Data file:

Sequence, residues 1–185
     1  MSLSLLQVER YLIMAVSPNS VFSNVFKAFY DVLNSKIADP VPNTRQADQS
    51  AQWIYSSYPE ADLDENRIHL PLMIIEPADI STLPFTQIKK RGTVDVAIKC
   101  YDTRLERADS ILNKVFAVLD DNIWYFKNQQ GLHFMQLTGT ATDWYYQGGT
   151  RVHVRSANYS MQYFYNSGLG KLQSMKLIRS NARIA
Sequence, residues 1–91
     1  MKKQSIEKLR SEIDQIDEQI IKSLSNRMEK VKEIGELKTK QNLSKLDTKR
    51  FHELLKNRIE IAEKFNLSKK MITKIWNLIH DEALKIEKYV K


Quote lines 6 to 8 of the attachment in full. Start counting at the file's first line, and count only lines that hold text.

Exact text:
Sequence, residues 1–91
     1  MKKQSIEKLR SEIDQIDEQI IKSLSNRMEK VKEIGELKTK QNLSKLDTKR
    51  FHELLKNRIE IAEKFNLSKK MITKIWNLIH DEALKIEKYV K